A few weeks ago I read an article in our local newspaper by Erika Butler, who had recently completed her first marathon. Being a runner myself, having had the opportunity to run with her one Saturday morning, and knowing another one of her running partners well, I was intrigued.
It was a beautiful piece about her experience training for the Marine Corps Marathon (MCM), but more so to thank all the people that helped her along the way. Like anything else of interest I read it and then put it in the recycling bin.
However, it was recalled in my mind on several occasions since it was originally handed to me by my husband. I have been taught that when things continue to reappear in the forefront of my mind it is undoubtedly for a reason. “Someone” is trying to get my attention, and there is a lesson.
In general, I consider myself to be somewhat modest in my life, not publicly professing my successes and open to constructive criticism. In the past, this had come more from a place of deep insecurity, however of late it is less about that and more about humility. I don’t feel the need to brag about my so-called achievements or tell the world that I reached my goals.
It’s been an interesting evolution really, and landed me in a place today where I am learning how to be proud of myself and to honor the work I have done. I think that’s why at first when I read this article I immediately asked myself, ‘why do some people feel the need to air their achievements, especially in running, to the world’.
Then the spiritual awakening happened and it was revealed to me that people can be both proud and humble. In fact, some believe those words mean the very same thing. I thought pride meant being conceited or outward arrogance-people who need a lot of approval from other influences. Humility appeared as keeping your chin down, never over celebrating success-being a doormat.
However, both words “have to do with acknowledging and respecting who you are and what you can do, without any outside confirmation or approval” (Huna.org). The one difference as I see it is pride is the feeling we have on the inside and humility is how other people see us.
The lesson for me is it is ok to celebrate my achievements, successes, and efforts so long as I am doing so without the need for recognition from outside influences (pride and humility). Now I’m not saying I don’t enjoy the occasional recognition from others about my successes, of course I do, that’s only human. It feels good to get compliments and to have our efforts validated.
Today I can work hard, set goals and either achieve them or not, be proud of myself and the effort I put in despite what others believe about me and without any external approval. Wow, that is an amazing.
So being proud of myself is not being cocky, it’s healthy, it’s the ability to give myself my own internal strokes, an invisible pat on the back. And even if I do publically share my achievements with others it is not false pride unless I require external approval in order to cover up my own negative internal emotions.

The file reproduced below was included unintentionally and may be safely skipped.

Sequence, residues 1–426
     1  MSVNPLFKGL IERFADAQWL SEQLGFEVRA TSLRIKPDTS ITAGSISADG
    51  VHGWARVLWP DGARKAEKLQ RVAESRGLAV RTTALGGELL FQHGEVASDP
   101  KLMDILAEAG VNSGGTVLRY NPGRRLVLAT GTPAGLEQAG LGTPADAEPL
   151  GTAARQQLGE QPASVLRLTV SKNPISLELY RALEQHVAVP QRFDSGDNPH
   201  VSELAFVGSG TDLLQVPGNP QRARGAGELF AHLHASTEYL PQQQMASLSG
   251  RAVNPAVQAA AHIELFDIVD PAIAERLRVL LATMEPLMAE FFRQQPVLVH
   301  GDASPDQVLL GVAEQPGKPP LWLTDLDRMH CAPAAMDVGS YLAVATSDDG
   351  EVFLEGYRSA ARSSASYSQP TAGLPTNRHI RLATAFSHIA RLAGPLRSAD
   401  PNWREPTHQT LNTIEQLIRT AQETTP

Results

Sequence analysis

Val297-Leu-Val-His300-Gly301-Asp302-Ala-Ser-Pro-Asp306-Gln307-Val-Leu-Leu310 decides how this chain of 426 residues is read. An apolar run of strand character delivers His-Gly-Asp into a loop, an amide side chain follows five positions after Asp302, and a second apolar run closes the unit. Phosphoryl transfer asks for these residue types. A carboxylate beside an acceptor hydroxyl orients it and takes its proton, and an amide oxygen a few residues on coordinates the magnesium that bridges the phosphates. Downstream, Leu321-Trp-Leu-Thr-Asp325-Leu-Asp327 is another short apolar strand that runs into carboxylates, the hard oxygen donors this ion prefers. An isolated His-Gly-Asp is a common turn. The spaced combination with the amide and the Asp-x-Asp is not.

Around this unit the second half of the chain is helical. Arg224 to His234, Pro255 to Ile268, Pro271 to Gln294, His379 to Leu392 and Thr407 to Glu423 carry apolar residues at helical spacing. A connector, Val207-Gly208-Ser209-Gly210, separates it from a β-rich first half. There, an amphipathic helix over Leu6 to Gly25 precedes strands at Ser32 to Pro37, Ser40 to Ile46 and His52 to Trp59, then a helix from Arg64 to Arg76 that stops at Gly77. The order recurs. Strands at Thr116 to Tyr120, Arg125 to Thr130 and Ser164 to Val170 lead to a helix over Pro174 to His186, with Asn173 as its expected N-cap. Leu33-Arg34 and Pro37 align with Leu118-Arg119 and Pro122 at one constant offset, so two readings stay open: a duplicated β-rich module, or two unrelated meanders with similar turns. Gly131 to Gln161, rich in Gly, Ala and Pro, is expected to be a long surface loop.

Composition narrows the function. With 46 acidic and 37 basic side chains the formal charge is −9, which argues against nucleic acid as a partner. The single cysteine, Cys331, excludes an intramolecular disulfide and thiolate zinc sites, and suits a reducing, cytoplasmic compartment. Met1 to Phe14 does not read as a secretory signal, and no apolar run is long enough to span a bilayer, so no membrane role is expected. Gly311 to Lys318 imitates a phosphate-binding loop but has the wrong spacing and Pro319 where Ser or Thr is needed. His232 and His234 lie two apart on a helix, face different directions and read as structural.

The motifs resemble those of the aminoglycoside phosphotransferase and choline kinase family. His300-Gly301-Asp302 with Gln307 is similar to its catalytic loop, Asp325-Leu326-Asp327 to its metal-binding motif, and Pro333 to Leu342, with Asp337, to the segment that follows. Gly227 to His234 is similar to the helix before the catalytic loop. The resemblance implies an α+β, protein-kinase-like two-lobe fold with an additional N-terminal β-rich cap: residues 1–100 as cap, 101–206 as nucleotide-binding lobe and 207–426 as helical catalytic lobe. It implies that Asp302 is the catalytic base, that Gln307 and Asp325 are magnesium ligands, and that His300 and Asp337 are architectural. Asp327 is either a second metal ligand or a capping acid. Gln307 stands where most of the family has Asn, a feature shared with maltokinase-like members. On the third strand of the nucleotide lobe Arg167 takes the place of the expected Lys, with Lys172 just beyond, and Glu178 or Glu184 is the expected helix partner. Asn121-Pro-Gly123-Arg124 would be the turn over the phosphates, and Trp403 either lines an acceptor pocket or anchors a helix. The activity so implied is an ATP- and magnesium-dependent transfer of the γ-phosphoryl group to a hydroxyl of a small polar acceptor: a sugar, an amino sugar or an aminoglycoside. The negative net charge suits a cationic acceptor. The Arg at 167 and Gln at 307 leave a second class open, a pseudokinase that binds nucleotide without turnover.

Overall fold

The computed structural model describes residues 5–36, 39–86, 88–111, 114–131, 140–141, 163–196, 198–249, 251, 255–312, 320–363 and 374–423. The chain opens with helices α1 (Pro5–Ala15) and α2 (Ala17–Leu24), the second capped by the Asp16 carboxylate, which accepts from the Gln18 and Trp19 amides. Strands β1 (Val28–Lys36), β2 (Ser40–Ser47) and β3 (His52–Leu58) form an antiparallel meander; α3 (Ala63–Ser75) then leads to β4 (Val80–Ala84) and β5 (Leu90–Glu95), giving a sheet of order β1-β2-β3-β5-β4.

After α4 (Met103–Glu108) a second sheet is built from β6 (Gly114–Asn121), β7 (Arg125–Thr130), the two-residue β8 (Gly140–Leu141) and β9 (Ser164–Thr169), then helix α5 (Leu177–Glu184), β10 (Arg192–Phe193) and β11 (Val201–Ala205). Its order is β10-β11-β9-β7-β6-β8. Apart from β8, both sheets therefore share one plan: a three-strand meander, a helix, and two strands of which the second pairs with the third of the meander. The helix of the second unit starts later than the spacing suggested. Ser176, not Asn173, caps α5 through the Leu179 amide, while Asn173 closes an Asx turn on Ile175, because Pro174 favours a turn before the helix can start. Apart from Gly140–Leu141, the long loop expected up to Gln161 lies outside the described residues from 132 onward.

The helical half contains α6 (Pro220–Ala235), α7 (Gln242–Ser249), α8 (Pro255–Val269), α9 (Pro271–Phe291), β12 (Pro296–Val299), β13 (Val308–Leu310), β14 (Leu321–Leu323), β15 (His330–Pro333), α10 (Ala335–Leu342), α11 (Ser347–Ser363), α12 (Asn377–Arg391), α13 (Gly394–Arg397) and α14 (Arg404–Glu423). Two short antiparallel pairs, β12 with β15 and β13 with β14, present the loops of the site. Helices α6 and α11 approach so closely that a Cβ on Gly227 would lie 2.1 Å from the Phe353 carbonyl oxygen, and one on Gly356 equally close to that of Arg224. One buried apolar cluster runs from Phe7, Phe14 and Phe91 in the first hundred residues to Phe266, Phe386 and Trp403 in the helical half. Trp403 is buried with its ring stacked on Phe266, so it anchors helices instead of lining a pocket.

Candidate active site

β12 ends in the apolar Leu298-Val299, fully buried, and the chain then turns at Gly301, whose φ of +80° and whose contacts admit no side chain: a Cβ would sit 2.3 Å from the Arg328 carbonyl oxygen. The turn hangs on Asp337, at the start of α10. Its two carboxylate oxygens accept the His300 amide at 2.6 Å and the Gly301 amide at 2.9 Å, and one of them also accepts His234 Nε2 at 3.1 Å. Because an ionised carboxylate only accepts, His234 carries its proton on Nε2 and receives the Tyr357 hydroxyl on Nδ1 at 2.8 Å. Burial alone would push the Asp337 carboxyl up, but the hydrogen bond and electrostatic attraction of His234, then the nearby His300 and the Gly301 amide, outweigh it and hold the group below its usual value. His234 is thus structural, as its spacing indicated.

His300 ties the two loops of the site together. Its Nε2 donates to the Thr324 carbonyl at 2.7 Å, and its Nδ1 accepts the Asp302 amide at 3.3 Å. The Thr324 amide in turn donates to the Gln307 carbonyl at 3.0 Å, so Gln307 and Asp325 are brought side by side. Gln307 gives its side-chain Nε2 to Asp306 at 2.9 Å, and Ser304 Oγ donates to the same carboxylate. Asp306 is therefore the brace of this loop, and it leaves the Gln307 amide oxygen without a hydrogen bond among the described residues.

This is what I teach my children on almost a daily basis. When they have a success I always say to them, “wow that’s great, you should be really proud of yourself”. I want them to learn this now, they should be, they work hard. This is freeing.
Erika’s article was very honest about her experience, the good and the bad moments, which I have realized is what makes her actually quite humble and also proud. Her main focus was writing to thank all of those who had helped her along the way.She was grateful. She should be proud of herself becauserunning a marathon is an amazing experience and accomplishment.
And who am I to look down on anyone who is comfortable being proud of themselves and also recognize that they aren’t alone in their efforts. It really isn’t all about ourselves.
Although I don’t think I will be posting my marathon times on my Facebook page, this year through a series of events and lessons, I am a changed woman. I am proud of myself, not for the end results but more for the hard work.
I was humbled twice, when the time came when there was no mental defense against the last four miles, it didn’t matter how hard I had worked at that point, being human becomes a serious reality.
It is amazing to create something of my own from the ground up but challenging to be patient. It takes a lot of dedication and sacrifice to be successful in both athletics and business.
With the end of another year upon us I feel like a proud and humble human. I value hard work and achievements, big, small, whatever they are as long as in general, forward progress is being made and when it’s not, the lesson is learned. I am amazed at my development this year, the ability to grow from insecurity, the beautiful flower of humble pride.
Thank you God for opening my heart with the beautiful story of one runner sharing with the world her blood, sweat and tears, and her gratitude. She is right, whatever we are working towards, a marathon, starting a business, raising healthy, God-loving children, we are never in it alone, there are many people helping along the way.
I am so thankful for that and when my self-centeredness rears its ugly head it isn’t hard to be humbled when I look around at all of my blessings, most especially the people.
“Humble yourselves before the Lord and He will exalt you” James 4:10